State v. LaPointe

Annotate this Case
Justia Opinion Summary

The Supreme Court affirmed the decision of the district court denying Defendant’s motion for a new trial and sustained the portion of the State’s cross-appeal arguing that Defendant’s crimes were not statutorily eligible for DNA testing, holding that Defendant was not entitled to a new trial and was not entitled to DNA testing under Kan. Stat. Ann. 21-2512(a).

Defendant was convicted of aggravated robbery and aggravated assault. Years later the district court granted Defendant’s motion for DNA testing under section 21-2512. Defendant subsequently filed a motion for a new trial, claiming that the DNA test results would have changed the original trial’s outcome. The district court denied relief, and the court of appeals affirmed. Defendant appealed, and the State cross-appealed. The Supreme Court held (1) the district court did not abuse its discretion in determining that the test results would not have changed the original trial’s outcome; (2) Defendant was in state custody for purposes of section 21-2512(a; and (3) Defendant was not entitled to DNA testing under section 21-2512(a) based on the punishment imposed for his convicted offenses, and State v. Cheeks, 310 P.3d 346 (2013), is overruled to the extent it served as the district court’s basis for its order.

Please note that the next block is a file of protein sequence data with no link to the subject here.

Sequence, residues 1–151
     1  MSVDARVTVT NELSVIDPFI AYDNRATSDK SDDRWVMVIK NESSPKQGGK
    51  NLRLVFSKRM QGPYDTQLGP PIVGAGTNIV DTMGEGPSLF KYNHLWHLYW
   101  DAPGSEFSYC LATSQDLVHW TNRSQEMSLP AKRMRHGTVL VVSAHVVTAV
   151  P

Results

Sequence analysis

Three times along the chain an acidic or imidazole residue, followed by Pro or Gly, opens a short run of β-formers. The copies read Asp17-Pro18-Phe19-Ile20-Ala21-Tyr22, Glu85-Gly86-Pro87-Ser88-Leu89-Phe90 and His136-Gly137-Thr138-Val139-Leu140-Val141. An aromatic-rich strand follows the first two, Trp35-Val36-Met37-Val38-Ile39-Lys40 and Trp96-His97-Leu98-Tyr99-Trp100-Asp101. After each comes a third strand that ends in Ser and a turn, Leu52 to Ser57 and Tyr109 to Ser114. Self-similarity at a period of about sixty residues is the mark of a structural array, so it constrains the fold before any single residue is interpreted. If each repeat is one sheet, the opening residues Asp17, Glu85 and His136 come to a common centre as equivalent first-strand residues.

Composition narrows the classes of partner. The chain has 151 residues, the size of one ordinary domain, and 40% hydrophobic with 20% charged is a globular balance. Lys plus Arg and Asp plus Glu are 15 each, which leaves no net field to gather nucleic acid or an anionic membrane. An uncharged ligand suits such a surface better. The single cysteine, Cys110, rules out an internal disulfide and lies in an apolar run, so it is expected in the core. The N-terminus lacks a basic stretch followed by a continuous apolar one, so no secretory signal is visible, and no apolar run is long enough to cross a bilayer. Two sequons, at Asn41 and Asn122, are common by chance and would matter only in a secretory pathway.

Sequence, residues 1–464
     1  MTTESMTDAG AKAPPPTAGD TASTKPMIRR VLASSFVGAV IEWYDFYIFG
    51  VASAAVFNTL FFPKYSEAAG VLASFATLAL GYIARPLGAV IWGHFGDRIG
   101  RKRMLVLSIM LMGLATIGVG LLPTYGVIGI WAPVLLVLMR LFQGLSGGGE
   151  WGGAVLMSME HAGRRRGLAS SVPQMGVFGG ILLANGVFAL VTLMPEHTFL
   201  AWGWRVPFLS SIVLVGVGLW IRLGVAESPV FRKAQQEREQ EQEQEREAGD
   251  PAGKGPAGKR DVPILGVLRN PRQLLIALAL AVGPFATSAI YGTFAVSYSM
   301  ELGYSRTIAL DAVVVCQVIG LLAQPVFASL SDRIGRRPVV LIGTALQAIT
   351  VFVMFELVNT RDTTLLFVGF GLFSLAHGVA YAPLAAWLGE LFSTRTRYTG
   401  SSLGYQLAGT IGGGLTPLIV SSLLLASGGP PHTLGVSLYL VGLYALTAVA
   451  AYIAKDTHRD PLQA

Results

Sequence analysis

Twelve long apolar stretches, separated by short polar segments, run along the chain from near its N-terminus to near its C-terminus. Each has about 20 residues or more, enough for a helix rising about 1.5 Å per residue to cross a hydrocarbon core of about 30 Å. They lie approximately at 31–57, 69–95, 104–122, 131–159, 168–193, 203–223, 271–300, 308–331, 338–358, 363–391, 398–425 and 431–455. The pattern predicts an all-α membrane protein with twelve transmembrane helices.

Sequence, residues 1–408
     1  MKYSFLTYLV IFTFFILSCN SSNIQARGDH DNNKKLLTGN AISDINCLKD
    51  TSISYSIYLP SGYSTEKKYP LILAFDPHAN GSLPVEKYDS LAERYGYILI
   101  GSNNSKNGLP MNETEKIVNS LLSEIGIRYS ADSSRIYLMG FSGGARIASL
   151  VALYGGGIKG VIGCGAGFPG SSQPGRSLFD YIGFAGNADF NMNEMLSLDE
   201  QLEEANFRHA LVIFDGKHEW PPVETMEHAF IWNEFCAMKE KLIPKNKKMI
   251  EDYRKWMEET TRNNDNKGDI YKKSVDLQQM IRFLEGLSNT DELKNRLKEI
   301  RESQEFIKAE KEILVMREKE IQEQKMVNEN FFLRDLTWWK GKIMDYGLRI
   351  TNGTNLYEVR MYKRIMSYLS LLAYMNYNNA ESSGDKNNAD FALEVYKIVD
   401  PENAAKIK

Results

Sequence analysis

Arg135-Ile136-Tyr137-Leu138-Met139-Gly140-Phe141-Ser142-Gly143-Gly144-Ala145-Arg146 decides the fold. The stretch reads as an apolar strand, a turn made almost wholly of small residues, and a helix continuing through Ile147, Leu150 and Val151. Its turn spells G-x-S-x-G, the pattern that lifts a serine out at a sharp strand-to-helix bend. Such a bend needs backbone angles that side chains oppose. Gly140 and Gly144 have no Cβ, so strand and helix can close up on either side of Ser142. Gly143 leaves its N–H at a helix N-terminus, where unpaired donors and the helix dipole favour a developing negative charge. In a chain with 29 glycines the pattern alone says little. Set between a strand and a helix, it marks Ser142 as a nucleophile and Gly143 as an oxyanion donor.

Download PDF